Almaz Ohene

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Guest post: ‘Decolonising My Desire’ 📝

Written by Gayathiri (she/they)

I realized that if I wanted to truly be radical in the world…truly see white and skinny as one way people are born as opposed to the physical supreme, which pours over into every other aspect of life, I had to decolonize my desire. I had to learn to desire myself, my body, my skin, my rhythms, my pleasure.” – adrienne maree brown, Pleasure Activism (2009)

Over multiple lockdowns, the above excerpt from adrienne maree brown’s Pleasure Activism has become my grounding manifesto. In the book, brown invites the reader to map their pleasure lineage – to recognise the people, places and experiences that introduced you to pleasure, however you define it.

So I started archiving this for myself:

I found Christina Aguilera in 2003. The music video for ‘Dirrty’ was an eye-opener… I’d skip through music TV channels; from Kiss TVand Kerrang TV! to MTV and The Box, searching for flashes of sweat and side-boob. As a pre-teen, I felt a welcome, tingly sensation, watching Britney Spears in ‘Toxic’. This trove of masturbation material was my pleasure-defining secret, routinely refreshed with scenes from new music videos and adverts.

I was obsessed.

For years, in my childhood bedroom, I had a three-foot poster of Britney in a ripped white vest, blu-tacked to my wall. And before I discovered that the song lyrics were in the sleeve of the CD case, I had played, paused, and written down every lyric to her ‘Oops!… I Did It Again’ album.

No shade to my younger self, but critically mapping my pleasure lineage uncovers some behaviours worth unpacking.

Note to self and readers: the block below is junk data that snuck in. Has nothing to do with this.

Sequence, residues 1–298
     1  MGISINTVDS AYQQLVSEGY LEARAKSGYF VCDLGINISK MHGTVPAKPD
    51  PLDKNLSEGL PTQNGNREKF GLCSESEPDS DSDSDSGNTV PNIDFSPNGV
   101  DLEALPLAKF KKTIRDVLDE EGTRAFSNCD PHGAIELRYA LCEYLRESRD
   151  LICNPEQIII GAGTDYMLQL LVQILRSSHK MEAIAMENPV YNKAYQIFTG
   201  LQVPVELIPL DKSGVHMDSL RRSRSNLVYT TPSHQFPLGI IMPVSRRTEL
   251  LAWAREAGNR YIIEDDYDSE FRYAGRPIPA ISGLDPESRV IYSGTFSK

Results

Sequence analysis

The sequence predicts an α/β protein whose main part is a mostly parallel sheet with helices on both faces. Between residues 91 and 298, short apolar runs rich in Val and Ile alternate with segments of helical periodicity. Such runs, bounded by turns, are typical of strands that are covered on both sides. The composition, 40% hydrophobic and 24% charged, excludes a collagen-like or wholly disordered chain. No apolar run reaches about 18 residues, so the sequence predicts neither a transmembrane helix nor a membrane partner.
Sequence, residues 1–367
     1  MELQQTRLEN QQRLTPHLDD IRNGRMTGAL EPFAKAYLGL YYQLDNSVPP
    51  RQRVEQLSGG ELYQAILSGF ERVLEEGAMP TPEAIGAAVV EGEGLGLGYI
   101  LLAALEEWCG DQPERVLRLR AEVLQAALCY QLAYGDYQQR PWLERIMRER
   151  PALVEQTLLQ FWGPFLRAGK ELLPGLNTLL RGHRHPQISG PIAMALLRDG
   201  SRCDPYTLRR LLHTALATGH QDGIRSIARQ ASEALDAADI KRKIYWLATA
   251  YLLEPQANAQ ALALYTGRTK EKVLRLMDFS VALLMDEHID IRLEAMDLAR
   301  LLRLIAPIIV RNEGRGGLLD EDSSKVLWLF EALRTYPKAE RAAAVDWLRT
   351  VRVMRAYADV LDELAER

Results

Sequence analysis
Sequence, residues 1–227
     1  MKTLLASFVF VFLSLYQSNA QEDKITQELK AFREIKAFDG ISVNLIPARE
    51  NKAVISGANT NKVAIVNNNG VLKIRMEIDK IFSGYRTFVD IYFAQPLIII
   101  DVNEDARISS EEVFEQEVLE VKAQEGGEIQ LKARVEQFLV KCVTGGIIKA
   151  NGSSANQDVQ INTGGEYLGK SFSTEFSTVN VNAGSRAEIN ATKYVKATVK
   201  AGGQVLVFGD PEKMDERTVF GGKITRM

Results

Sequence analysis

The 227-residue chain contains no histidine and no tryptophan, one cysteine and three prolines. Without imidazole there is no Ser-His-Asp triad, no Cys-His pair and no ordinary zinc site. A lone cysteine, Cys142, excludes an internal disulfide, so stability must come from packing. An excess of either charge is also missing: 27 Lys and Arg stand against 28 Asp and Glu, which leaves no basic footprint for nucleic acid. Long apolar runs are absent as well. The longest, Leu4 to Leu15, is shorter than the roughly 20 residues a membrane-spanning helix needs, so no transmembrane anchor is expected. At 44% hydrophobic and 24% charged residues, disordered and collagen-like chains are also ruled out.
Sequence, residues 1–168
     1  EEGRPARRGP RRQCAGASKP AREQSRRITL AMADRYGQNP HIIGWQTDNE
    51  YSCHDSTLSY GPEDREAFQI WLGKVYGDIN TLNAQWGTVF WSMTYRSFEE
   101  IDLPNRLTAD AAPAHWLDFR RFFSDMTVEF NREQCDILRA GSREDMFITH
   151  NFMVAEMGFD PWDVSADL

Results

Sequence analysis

As a brown, baby-queer, who had no notion of the joy my (political) queerness and brownness could bring, I leaned into whiteness… hard. As Jeremy O. Harris describes, “to find my way socially […] I became rich in white culture, while it, in turn, seemed to enrich me.” I did this through my speech, my musical choices, my clothes, and the imaginary, English-speaking, ‘professional’ family I invented to better-match the cultural norms of my white peers. In practicing and performing my proximity to whiteness, I found a form of acceptance.

Until I didn’t.

One day, towards the end of Year 6, I had a conversation with a white boy in my year group, which put into words the inevitable heartbreak that so many of us experience upon realising we are ‘not norm’ in a white-normative world.

It went like this:

Boy: I’m ranking girls in our class in order of how much I would go out with them.

Me: Okay.

Boy: You wanna hear it?

Me: Yeah, okay.

Boy: So, Becky, Laura, Alice, Amy, Zoe, Beth… (trails off as he sees me shift around awkwardly). 

Me: (beat).

Boy: You’re not in it… cos you know… I just wouldn’t.

Me: Yeah, no… I get you.

Boy: Cool.

This is the first time I’ve written about this encounter. And it’s heart-breaking. I have so much to say to this boy, and so much more to say to younger me. Primarily, “Fuck. That. Noise.”